For Darla Naugher, the decision to have hip replacement surgery became clear while on a beach vacation in Mexico. Instead of running on the beach with her sisters, as she usually would, she simply could not keep up with them. In fact, she could hardly walk at all, because of the pain in her hip.
Like many Central Oregonians, Naugher has a passion for fitness and outdoor recreation; exercise and running were part of her routine and part of her identity, as well. At age 50, she had no intention of slowing down, until she learned more about what was happening to her hip joint.
“I’d been dealing with some foot problems, especially with the joint in my toe, and I assumed that my uneven gait was making my hip hurt,” Naugher explained. She found help from a chiropractor and physical therapist, but eventually she was sent to Dr. James Hall, an orthopedic surgeon at The Center in Bend. Her x-rays clearly showed how the cartilage in her hip socket had degraded, leaving the ball of the femur bone-on-bone in the socket.
Naugher understood that a total hip replacement was the best treatment to relieve her pain, but she wasn’t ready yet. “Dr. Hall said I’d know when it was the right time for surgery,” she said. “But I thought I was way too young—hip replacements were for old people!” said Naugher. Missing out on the fun on her beach vacation was the turning point. She worried that life would soon start passing her by, and she decided to learn more about joint replacement.
About Hip Replacement Surgery
When wear-and-tear arthritis breaks down the smooth cartilage that cushions bone movement within a joint, often the only treatment is a total joint replacement. The surgeon removes the damaged parts of the hip joint, and replaces them with implants made of metal and ceramic or a durable plastic. These implants fit into the bone and recreate the ball and socket of a healthy joint.
New advancements have changed the way this surgery is done, with less disruption to surrounding muscles and tissues.
“Our techniques are so much better now. The incisions are minimal, and the new components have better longevity,” explained Dr. Hall.
Traditionally, hip replacements were only done in a hospital setting, where patients stayed for one or more nights. With the recent advancements, hip replacements can now be done at outpatient surgery clinics. Patients leave the surgery center within hours after the procedure, and begin their recovery in the comfort of their own home.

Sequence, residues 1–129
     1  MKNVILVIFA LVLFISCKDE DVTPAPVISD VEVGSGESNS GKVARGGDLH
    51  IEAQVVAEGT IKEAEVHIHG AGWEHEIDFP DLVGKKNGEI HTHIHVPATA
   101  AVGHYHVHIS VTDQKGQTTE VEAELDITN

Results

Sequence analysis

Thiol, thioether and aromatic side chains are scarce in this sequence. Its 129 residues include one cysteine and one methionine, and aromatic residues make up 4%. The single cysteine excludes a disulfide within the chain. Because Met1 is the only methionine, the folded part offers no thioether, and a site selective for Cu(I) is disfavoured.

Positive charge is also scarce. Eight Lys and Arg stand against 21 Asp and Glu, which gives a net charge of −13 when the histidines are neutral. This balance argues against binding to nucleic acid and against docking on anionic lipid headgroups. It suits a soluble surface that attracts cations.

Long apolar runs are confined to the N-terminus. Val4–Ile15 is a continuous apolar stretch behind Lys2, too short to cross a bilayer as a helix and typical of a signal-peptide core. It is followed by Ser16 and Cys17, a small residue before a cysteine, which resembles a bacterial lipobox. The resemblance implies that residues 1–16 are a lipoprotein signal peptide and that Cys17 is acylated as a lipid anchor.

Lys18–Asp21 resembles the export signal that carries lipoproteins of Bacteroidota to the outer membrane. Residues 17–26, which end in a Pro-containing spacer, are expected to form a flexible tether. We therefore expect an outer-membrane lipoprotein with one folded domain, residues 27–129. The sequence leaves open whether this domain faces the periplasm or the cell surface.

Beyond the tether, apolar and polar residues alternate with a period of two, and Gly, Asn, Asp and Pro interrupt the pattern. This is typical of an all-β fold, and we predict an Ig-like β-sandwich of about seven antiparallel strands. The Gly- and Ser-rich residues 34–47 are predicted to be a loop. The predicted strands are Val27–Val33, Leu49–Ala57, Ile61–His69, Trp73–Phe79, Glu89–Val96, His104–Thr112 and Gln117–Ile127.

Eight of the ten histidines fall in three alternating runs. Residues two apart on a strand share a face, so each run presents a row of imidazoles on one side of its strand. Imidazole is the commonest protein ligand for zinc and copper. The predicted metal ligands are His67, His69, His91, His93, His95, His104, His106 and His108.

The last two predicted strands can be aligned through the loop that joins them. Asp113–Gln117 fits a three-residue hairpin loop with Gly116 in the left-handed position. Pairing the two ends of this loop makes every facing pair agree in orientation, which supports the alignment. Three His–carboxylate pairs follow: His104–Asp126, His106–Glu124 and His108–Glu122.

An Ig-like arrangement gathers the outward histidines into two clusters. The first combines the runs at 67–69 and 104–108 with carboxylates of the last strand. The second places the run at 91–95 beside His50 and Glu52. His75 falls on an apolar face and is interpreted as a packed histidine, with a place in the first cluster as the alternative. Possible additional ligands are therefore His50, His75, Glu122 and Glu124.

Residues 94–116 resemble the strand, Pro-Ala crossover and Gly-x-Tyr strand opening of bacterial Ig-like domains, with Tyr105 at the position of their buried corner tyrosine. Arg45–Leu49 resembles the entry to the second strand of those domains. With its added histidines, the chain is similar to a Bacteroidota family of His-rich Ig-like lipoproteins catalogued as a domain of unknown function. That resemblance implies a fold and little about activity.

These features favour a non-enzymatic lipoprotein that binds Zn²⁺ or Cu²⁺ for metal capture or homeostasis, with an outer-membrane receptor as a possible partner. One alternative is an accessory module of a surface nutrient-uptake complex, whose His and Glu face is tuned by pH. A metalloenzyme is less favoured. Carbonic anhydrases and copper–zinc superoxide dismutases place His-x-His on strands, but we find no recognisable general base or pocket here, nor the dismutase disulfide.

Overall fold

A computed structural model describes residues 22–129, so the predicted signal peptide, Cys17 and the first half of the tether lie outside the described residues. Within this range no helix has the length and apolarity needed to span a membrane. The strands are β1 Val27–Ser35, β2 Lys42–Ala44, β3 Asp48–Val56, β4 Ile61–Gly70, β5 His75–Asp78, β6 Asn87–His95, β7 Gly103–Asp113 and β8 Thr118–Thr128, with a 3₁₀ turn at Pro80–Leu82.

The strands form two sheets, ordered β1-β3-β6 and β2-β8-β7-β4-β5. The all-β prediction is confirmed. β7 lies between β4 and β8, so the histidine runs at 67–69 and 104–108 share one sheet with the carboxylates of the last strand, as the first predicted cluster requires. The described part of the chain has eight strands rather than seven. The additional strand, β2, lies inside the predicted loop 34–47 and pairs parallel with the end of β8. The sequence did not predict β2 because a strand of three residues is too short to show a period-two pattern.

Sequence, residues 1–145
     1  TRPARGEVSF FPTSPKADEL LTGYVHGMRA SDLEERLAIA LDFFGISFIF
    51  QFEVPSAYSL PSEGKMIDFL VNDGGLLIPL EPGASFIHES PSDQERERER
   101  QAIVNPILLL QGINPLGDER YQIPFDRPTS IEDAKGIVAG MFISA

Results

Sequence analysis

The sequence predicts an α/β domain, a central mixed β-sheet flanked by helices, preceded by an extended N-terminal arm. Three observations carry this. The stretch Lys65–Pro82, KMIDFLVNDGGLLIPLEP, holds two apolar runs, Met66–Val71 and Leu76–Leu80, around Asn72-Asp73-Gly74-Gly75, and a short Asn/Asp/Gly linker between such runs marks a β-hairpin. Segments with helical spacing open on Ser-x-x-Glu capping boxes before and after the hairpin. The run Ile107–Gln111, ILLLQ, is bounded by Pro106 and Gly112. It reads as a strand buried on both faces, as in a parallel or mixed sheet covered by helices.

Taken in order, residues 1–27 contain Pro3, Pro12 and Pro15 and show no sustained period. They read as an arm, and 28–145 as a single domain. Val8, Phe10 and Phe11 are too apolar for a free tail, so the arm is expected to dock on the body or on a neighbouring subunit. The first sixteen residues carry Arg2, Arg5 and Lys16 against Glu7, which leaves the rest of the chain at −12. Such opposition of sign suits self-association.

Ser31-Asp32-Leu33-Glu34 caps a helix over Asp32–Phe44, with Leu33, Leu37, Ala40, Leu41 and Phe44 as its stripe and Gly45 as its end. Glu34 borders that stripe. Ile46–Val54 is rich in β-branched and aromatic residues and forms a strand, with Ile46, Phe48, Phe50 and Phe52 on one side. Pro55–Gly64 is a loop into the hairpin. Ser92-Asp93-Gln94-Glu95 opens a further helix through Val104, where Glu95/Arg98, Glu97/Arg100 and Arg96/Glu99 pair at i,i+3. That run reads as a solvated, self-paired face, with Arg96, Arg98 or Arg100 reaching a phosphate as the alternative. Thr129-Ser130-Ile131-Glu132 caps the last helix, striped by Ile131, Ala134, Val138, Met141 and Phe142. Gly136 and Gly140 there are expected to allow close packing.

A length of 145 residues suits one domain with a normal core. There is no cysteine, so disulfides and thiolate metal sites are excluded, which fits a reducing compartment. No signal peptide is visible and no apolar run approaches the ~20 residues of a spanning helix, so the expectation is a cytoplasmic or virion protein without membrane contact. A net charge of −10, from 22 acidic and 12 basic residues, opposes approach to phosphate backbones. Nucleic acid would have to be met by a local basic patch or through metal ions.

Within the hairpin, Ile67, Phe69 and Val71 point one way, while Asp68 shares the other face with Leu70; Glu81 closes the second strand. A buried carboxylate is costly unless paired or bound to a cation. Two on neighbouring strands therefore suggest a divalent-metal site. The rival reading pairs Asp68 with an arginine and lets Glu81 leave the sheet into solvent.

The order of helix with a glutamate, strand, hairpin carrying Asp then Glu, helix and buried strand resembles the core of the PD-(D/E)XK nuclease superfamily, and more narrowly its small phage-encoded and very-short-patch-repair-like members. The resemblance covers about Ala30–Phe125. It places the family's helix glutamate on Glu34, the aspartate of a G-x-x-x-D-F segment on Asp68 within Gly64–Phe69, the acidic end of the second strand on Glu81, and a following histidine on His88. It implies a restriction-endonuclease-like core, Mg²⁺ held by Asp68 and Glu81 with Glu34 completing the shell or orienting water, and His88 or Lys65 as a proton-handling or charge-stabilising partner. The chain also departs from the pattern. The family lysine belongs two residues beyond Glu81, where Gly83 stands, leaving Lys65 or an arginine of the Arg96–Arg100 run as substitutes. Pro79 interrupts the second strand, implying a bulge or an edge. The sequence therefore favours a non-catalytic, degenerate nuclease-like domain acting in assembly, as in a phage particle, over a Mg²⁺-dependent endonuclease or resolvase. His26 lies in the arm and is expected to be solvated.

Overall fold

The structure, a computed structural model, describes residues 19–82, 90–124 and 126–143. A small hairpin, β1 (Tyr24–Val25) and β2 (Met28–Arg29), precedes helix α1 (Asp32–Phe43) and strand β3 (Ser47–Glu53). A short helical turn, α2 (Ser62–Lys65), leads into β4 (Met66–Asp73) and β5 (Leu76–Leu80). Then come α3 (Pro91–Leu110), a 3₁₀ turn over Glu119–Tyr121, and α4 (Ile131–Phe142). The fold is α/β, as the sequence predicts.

Choosing Outpatient Care
Dr. Hall found Naugher to be a good candidate for outpatient surgery. “It’s important that patients are in good health overall, and are very motivated to work with the physical therapists,” said Hall. Outpatient surgery candidates also need a key person to stay with them for several days, who communicates with the surgery center staff and supports the patient’s recovery. Naugher fit all of those conditions.
Not every patient finds outpatient surgery to be the appropriate choice. For patients over age 65, Medicare restrictions only cover traditional hospital settings for joint replacement. Some health conditions, including chronic pain problems and sleep apnea, make in-patient surgery a better option. But fit, active patients like Naugher often prefer to avoid hospital settings.
Cascade Surgicenter was the first surgery center in Central Oregon to offer outpatient joint replacement in October of 2015. The surgical group based their protocols on well-established best practices from outpatient centers around the country, and built a support team of nurses, nurse practitioners, and physical therapists with expertise in joint replacement recovery. The trend towards outpatient surgery is growing, according to Dr. Hall, especially among Bend’s population of outdoor enthusiasts.
Naugher felt confident about choosing outpatient surgery for her hip replacement after talking through her concerns with nursing staff at Cascade Surgicenter. “They answered all my questions so thoroughly. I can’t say enough about how good they are,” she said.
Recovery At Home
For the first few days after surgery, Naugher needed help from her sisters. The discomfort was manageable and the need for pain medication was short-lived. The greatest challenge for an active person, like Naugher, may be to follow the doctor’s orders to take it easy.
“The healing happened quickly. I had to promise to do no exercise the first six weeks, and that was the hardest part,” said Naugher. “I felt good, but I just had to stay out of the gym and let it heal.” After a few days of using a walker for balance, she began walking without support. Two weeks later, she returned to work. Once she was cleared to begin physical therapy, Naugher made it a mission to get back to her previous level of fitness.
One year later, Naugher is on the move again, and barely notices any limitations. “It’s a new lease on life, really. I can do anything—I can hike, go to spin class and yoga. I can wear cute shoes again too!” she laughed.
Because her other hip also shows signs of cartilage damage, Naugher has chosen to replace running with hiking, to minimize the impact on that joint. Fortunately, the hiking opportunities in Central Oregon are plentiful, and she heads out to the trails regularly with her dog at her side.
Smith Rock is a favorite destination, and climbing up to take in the views are all the sweeter these days, with no pain to hold her back.
Her advice to anyone considering hip joint replacement surgery? “Once you learn that your pain won’t get better without surgery, don’t wait. Don’t give up all that time, and miss out on a good quality of life while you wait for your hip to get better.”
The Center Orthopedic and Neurosurgical Care offers free seminars on outpatient total joint replacement at OSU-Cascades Tykeson Hall. To learn more or to register for a seminar, contact The Center at 541-322-2211